6 Potential Reasons Behind Gum Discomfort

Are you familiar with the discomfort of sore gums when you eat or brush and find yourself wondering about the root cause? Gum pain can stem from various factors, ranging from mild to severe. While there are several potential reasons behind gum pain, gingivitis stands out as the most frequent culprit.

6 Potential Reasons Behind Gum Discomfort

Have you ever noticed discomfort in your gums while eating or brushing and found yourself questioning the source of the pain? Gum discomfort can arise from various factors, spanning from mild to severe.

While numerous factors can contribute to gum pain, gingivitis often emerges as the primary culprit. Here’s a compilation of potential causes that may lead to gum pain:

6 Potential Reasons Behind Gum Discomfort


Gingivitis is the inflammation of the gums caused by a bacterial infection. A buildup of bacteria and poor dental hygiene are two of the most common causes of gum pain. The common risk factors include age, smoking and dry mouth. It can be prevented by maintaining good oral hygiene, regular brushing after meals, flossing, avoiding tobacco, etc.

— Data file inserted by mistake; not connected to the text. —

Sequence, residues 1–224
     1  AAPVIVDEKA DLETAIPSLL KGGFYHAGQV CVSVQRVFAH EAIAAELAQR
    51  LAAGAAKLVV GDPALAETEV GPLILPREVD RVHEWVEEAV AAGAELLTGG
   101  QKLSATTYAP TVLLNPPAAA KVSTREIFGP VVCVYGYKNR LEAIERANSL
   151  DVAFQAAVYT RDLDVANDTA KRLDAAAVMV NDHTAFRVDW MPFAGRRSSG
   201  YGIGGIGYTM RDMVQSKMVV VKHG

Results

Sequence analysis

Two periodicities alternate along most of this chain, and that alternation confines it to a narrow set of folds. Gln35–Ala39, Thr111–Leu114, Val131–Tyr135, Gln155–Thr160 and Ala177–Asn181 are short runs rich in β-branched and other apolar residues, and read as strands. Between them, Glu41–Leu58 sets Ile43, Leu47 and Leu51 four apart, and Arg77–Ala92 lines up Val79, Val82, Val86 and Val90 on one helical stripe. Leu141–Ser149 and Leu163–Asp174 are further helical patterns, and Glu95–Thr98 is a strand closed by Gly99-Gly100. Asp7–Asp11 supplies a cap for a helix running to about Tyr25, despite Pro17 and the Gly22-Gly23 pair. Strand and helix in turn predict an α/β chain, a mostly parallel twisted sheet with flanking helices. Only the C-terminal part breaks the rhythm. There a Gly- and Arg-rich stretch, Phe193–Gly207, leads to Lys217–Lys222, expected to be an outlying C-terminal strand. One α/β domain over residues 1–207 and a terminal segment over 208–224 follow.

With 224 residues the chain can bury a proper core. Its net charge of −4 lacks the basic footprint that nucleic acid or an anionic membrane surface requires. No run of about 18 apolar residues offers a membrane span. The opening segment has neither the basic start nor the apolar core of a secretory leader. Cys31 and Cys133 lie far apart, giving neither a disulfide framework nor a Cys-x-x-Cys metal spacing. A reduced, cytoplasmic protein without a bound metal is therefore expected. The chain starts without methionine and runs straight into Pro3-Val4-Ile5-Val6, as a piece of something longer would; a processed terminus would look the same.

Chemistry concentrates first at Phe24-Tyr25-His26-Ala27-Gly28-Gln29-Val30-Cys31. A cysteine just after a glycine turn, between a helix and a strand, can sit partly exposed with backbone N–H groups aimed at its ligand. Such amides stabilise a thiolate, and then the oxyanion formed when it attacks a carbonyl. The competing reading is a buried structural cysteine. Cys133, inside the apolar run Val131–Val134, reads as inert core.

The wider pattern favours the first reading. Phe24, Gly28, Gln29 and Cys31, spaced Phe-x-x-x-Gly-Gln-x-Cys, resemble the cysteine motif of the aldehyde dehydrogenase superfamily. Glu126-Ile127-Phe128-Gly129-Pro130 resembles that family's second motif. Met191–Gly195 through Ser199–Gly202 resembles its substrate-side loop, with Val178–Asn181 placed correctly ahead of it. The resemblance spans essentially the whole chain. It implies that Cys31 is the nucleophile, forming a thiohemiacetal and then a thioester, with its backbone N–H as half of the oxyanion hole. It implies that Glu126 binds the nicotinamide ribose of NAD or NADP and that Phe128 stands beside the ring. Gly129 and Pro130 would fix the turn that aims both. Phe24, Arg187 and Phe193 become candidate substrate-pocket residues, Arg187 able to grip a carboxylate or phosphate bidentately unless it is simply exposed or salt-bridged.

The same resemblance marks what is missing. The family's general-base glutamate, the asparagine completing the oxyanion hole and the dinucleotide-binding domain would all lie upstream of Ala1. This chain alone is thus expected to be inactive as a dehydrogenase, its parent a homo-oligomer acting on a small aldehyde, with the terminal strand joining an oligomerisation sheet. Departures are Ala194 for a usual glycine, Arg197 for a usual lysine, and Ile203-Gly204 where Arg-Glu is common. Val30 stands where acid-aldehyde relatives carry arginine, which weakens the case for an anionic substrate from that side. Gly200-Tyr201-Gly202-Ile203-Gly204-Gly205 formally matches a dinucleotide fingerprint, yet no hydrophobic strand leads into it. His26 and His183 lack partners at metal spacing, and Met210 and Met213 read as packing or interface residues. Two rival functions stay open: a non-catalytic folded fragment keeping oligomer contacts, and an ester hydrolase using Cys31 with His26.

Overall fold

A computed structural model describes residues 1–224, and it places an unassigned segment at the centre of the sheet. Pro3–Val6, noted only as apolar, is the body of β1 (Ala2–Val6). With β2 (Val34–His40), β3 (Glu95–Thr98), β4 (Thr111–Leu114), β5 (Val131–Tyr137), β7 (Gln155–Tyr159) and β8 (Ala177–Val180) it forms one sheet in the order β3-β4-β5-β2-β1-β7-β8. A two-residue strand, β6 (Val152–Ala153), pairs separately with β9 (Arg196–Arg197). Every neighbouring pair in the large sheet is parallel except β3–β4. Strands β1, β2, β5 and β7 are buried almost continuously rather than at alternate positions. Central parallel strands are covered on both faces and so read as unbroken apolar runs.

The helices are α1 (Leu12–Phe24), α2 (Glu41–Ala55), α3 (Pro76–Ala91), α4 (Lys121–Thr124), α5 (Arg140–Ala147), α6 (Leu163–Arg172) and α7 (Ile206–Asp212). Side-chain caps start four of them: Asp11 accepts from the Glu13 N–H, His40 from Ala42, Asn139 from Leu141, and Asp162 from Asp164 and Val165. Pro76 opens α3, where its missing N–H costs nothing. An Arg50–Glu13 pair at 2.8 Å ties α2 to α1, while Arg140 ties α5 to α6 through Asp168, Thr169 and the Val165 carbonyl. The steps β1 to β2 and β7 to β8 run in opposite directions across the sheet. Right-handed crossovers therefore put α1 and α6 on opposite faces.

Oral Herpes 

Oral herpes is an infection caused by the herpes simplex virus. This viral infection causes fever, gum pain, painful mouth sore, swollen gum and redness in the gums. It is contagious and a person can get infected if he or she comes in contact with an infected person. It is a rare disease and is treatable. 

Cold Sore 

Cold sores, blisters on the lips and the edge of the mouth can be painful and discomforting. They are a common dental problem that affects mostly adults. They can lead to pain in your gums. Cold sores make it difficult for a person to drink with ease and eating can get uncomfortable as well.

Dry Socket 

Whenever a tooth is extracted, it leaves open a socket, an empty space in the bone. Usually, the socket is covered by a blood clot to protect the bone underneath it. However, sometimes the clot is dissolved, exposing the bones and nerves to food, water and even air. This condition is called a dry socket. It is quite a common problem that affects a lot of people after tooth extraction causing severe pain in the gums, headaches, swelling and fever. 

Hormonal Changes 

Hormonal changes in women can also affect their gums. When you reach puberty, more blood flow to the gums and they get swollen and painful. Pregnancy also affects your gums and it can even lead to bleeding in the gums. In such a case, you should consult a doctor.  

How can it be Treated? 

  • Regular brushing with a toothpaste containing fluoride 
  • Dental flossing 
  • People who have had dental infections or gingivitis should use an antiseptic mouth rinse to prevent the occurrence of these infections. 
  • Avoid tobacco consumption to prevent plaque buildup and oral infections. 
  • Avoid sugary foods and drinks. 
  • Visit a doctor often to get your teeth checked for infections and other diseases